Ex-NPA rebel finds 'hope, belongingness' in mainstream society

By Che Palicte / Philippine News Agency

HOPE, BELONGINGNESS. Former communist rebel Melanio Centino, Sr. says surrendering to the government was the best decision he has made in his life. During a press conference Wednesday (May 26, 2021) in Makilala, North Cotabato, the former rebel says he finally found a sense of hope and belongingness now that he out of the communist rebel movement. (PNA photo by Che Palicte)

MAKILALA, North Cotabato – A former New People’s Army (NPA) rebel found "hope and belongingness" after returning to the fold of the law.


“I am now ready to die because I have proven that (the government) is truly for the masses and not the ideologies the NPA injected on us,” Melanio Centino, Sr. said in vernacular in a press conference attended by former rebels Wednesday here.


Known as "Tatay Dodz" in the communist rebel movement, Centino served as an organizer for an NPA propaganda unit for over two decades before finally surrendering early last month.


Centino, however, said he would have surrendered way back in 2007 if it was all up to him, eight years after he was recruited into the NPA.


“They went to Digos and recruited us. In October 1999, I joined them and believed in their promises that they will provide land for our families. They said they will also provide the people with free hospitalization,” Centino, a resident of Digos City in Davao del Sur, recounted.


He soon found out that the promises were "false" and that he fell into the NPA's "deception, and lies".


In 2007, he said he tried to stay away from the communist rebel movement but his colleagues had threatened him, saying the military would sue him and that "I will just spend my life in jail. So I did not pursue it."


In 2015, Centino said he tried again to flee but his colleagues got wind of his plan and threatened him.


“In 2018 I was assigned to organize the masses and I really felt tired and fed up with my routine. I asked again for the freedom that I wanted but they do not want to let me go,” he said.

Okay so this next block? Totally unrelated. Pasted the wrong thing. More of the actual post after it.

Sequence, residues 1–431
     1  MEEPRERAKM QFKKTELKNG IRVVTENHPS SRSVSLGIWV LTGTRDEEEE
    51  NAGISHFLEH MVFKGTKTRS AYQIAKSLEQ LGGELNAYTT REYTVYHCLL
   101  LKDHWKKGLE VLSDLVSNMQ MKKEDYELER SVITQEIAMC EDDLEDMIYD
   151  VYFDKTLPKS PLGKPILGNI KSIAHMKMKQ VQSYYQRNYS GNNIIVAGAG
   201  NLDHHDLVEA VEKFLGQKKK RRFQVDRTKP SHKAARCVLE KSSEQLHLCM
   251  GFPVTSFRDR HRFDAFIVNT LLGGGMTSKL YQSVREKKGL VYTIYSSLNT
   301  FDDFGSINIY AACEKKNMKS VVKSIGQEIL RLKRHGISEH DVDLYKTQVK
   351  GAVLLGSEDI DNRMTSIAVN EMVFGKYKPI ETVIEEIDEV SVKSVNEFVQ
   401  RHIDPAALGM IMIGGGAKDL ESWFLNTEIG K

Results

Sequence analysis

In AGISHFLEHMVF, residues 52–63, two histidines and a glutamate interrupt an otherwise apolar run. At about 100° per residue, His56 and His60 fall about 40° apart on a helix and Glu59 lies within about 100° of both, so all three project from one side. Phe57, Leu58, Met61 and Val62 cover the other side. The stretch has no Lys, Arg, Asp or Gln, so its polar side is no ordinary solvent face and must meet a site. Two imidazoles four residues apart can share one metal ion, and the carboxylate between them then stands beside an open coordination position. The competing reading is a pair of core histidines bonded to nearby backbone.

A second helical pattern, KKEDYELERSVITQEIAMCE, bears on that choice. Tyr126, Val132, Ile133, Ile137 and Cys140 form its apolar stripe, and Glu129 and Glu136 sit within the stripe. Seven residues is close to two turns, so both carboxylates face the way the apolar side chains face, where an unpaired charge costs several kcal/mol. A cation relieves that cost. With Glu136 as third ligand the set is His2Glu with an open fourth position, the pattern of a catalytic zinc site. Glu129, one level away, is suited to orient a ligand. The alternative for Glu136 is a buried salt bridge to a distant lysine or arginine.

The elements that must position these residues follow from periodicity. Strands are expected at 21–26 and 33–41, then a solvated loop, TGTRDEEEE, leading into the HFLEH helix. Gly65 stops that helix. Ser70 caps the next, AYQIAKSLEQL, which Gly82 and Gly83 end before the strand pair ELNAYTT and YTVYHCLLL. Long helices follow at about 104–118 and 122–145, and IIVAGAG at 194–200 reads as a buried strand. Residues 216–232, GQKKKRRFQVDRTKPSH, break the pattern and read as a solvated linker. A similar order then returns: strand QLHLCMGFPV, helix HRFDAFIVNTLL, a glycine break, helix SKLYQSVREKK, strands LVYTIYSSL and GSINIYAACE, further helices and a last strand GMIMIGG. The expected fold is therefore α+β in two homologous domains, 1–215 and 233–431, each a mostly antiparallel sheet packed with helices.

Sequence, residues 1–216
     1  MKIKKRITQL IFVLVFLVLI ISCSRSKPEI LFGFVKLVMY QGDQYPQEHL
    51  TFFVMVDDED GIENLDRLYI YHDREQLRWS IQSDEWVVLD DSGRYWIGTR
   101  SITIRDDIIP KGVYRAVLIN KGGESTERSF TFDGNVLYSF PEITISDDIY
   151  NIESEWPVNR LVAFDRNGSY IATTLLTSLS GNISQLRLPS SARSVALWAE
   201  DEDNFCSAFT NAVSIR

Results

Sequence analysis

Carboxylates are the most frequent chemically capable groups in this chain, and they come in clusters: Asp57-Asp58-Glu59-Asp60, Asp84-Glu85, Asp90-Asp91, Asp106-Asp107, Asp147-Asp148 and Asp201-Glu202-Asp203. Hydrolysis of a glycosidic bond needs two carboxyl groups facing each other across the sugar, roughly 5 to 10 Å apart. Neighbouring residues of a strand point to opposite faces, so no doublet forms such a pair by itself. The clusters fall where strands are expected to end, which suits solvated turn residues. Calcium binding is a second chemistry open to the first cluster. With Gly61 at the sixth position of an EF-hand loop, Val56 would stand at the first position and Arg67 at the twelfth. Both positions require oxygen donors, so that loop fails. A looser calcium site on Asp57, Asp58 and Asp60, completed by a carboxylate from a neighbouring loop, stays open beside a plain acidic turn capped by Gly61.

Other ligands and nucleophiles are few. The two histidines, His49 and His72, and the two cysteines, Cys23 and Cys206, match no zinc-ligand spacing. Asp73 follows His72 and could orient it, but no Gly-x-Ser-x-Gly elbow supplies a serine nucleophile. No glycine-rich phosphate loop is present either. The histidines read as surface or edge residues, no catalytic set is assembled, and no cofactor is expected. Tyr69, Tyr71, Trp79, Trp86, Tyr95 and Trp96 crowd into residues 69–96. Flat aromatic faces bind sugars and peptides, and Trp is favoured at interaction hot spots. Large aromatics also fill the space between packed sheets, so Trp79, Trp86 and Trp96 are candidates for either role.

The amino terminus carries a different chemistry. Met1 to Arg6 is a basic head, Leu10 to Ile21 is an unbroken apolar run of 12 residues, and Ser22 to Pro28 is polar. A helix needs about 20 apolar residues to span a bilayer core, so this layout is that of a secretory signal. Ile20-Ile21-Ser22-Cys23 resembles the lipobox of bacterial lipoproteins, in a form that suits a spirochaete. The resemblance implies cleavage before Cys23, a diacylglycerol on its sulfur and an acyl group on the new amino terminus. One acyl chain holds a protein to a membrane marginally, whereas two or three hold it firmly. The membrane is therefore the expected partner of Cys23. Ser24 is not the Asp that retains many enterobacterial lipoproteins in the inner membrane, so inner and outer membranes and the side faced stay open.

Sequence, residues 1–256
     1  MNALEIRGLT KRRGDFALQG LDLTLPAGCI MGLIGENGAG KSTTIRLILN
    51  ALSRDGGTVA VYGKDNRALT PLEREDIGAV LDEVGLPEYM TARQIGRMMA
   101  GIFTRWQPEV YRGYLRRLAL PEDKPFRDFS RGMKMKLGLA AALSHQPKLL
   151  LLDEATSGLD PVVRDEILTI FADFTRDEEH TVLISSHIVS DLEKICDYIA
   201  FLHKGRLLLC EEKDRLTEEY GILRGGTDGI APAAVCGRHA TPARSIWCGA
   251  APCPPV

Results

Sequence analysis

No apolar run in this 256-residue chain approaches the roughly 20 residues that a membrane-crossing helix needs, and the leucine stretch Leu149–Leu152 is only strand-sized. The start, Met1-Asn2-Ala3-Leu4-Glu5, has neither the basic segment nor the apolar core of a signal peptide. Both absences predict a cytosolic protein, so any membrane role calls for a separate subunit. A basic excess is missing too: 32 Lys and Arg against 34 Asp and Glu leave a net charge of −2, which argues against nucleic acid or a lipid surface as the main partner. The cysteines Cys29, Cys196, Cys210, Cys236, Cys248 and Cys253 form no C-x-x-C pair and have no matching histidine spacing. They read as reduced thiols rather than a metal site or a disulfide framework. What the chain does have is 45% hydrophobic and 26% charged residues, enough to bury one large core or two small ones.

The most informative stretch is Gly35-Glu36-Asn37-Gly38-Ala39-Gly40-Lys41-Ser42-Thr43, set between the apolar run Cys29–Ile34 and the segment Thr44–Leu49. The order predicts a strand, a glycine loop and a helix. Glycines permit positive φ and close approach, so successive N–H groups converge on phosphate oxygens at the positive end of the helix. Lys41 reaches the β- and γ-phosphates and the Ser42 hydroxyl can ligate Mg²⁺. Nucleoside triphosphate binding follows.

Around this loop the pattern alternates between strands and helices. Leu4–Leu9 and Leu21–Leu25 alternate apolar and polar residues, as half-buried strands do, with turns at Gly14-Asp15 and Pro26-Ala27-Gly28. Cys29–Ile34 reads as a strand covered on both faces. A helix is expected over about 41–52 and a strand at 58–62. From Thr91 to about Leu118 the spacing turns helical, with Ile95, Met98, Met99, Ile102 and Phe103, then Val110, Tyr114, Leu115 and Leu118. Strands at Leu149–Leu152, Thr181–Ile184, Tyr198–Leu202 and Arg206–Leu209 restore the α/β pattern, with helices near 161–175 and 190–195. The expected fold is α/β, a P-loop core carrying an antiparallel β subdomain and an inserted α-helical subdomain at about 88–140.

April 10 this year, he said an anonymous person talked to his family and urged them to persuade him to return to surrender. The man left a note with his number on it.


“I called his number. He promised me that if I’ll surrender, nobody would hurt me. Although I was doubtful of my fate with the military, it was indeed true that they did not harm me. On May 7, was already with the military and they treated me right. Regardless of what I did (as an NPA combatant), they did not scold me or even shouted at me,” he added.


Centino also apologized to the people he recruited to be part of the NPA's Underground Mass Organization (UGMO).


“To all of you, I’m so sorry. And to my comrade Enoy, you are already 66-years-old, I beg you to return to the government. We longed for victory and being in the government is indeed the real victory,” he said, referring to an old colleague at the NPA.


Decimated


Maj. Gen. Ernesto Torres Jr., commander of the 10th Infantry Division (10ID), said Centino's old unit--the NPA's Pulang Bagani Command-Southern Mindanao Regional Committee (PBC-SMRC) operating in Regions 11 and 12--has been dismantled by the government troops.


Late last week, Torres said the Army's 39 Infantry Battalion (39IB) apprehended four high-value members of PBC-SMRC in Barangay Biangan.


They were identified as Patbon Besas Jr., the secretary of PBC; Rose Ann Saylon, Ronelyn Lucin, the head of their medical staff; Rolando Panday, the PBC squad leader.


Over the weekend, government troops also captured during an armed encounter Merlita Cayog, the platoon medic of PBC-SMRC, as well as NPA fighters Alejandro Ferolino and Vicente Padilla.


Two more PBC-SMRC combatants surrendered in the same week, the military said.


“This is a manifestation of support to the National and Provincial Task Force to End Local Communist Armed Conflict (NTF-ELCAC) and a manifestation of good governance,” Torres said.


He said the captured combatants, as well as the surrenderers, would be enrolled with the government's Enhanced Comprehensive Local Integration Program (ECLIP).


“But they will also be assessed if they have committed crimes which they should be facing the court. If they will not go to jail, they will undergo a rehabilitation program,” Torres added. (PNA)

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